I’ve seen people worried that this all means Disney or Lucasfilm are trying to exclude women from Star Wars. Now, I don’t think it’s deliberate, but it’s getting to the point where ‘business as usual’ and ‘same-old same-old’ simply aren’t good enough anymore. That’s why the blowback to the Episode VII cast has been so strong. What was revolutionary in 1977 and pretty good in 1999 isn’t going to cut it in 2015. Why are we mad? Because we’ve become more aware of these things, more outspoken, and we expect better. This is the original mega-franchise, a movie most of the first world is going to see no matter what. Star Wars has broken barriers in the past – can you really blame us for expecting it to keep doing that now?

I hope we see a diverse new trio in Episode VII. I hope we’re getting the J.J. Abrams who made Felicity and Alias and not the one who OK’d the Carol Marcus underwear scene in Star Trek Into Darkness. I didn’t want to be angry about the casting, I didn’t want to harsh anyone’s squee, but the fact is: It matters. Star Wars and fandom matters to us; We are just as much a part of it and we have just as much right to speak up, angry or otherwise, as anyone else. This is our fandom too, and our anger is not about destroying it; It’s about wanting it to be better. For everyone.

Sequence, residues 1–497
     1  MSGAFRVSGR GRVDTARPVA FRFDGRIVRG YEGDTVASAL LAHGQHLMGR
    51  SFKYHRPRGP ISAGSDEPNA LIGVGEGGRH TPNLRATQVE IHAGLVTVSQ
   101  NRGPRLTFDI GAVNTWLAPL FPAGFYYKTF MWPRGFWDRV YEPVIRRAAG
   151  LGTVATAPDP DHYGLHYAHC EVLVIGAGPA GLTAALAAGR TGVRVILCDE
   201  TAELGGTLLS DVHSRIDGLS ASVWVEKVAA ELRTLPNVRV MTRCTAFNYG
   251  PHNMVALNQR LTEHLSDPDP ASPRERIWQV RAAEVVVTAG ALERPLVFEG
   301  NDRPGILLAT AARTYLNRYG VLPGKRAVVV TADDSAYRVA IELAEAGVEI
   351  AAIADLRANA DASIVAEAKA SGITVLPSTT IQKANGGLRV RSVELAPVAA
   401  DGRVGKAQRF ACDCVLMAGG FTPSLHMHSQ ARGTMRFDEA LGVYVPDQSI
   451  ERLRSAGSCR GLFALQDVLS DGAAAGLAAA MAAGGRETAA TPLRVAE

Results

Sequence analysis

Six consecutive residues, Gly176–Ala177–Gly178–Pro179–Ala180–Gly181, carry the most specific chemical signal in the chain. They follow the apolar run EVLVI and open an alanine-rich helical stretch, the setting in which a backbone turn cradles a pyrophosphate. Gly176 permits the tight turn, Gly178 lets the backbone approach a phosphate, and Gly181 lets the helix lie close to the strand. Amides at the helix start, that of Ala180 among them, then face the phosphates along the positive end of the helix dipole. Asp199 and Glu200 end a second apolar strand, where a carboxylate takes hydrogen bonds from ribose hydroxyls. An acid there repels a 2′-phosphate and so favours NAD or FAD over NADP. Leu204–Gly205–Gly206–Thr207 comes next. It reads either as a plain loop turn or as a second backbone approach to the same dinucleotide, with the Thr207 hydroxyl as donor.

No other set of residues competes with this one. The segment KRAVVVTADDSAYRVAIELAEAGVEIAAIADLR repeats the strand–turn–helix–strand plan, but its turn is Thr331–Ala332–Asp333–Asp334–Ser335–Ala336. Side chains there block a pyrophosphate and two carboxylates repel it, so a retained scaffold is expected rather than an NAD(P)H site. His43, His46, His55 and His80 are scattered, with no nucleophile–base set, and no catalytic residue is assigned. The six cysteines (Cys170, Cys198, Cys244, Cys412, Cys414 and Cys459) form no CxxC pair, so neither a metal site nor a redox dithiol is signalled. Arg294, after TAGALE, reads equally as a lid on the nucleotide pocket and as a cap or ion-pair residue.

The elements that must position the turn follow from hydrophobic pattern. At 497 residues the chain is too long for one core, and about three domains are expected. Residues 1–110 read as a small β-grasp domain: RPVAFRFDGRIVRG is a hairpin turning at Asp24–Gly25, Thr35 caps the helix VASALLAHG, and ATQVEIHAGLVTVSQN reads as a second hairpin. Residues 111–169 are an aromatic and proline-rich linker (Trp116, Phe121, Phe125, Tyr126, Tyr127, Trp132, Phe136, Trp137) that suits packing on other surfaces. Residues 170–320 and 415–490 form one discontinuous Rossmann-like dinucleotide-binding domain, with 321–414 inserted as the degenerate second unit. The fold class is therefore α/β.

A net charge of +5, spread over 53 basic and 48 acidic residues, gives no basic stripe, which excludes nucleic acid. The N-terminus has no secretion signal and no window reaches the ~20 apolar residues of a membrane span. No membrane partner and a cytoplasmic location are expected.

I’m sorry that’s so scary.

Fan Comments: At the Post

[Tricia Barr]: Excellent post, Dunc. In sports, fans can be totally invested and love their team, but angered by decisions made by the team management. Imagine if no one cared enough to get upset? Star Wars is a consumer product just like sports teams; it’s not a religion where we have to buy it wholesale.

Wanted to add a point that I made today on diversity in my Star Wars storytelling post.

“But when you look at the Episode VII production team, which has only one woman, as well as the Star Wars Rebels executive production team and the recent slate of authors for the kids and adult novels – essentially the people making the most important storytelling decisions – the casting ratio for women in Episode VII looks good by comparison.”

[Ruth]: Excellent job, Dunc. I am just not sure that I can reasonably conclude anything but that this is deliberate. (And there’s also that the new books are all male authors about male characters). It’s not as if Disney doesn’t know how to appeal to the female demographic. Disney has the princess line for girls so maybe they bought Star Wars so it would fill the same marketing niche beyond Buzz and Woody for boys. It seems to be all about boys because it is intended to be all about boys. Never mind, as io9 put it so perfectly, that Star Wars is a modern myth of enormous cultural significance that should be shared by everyone.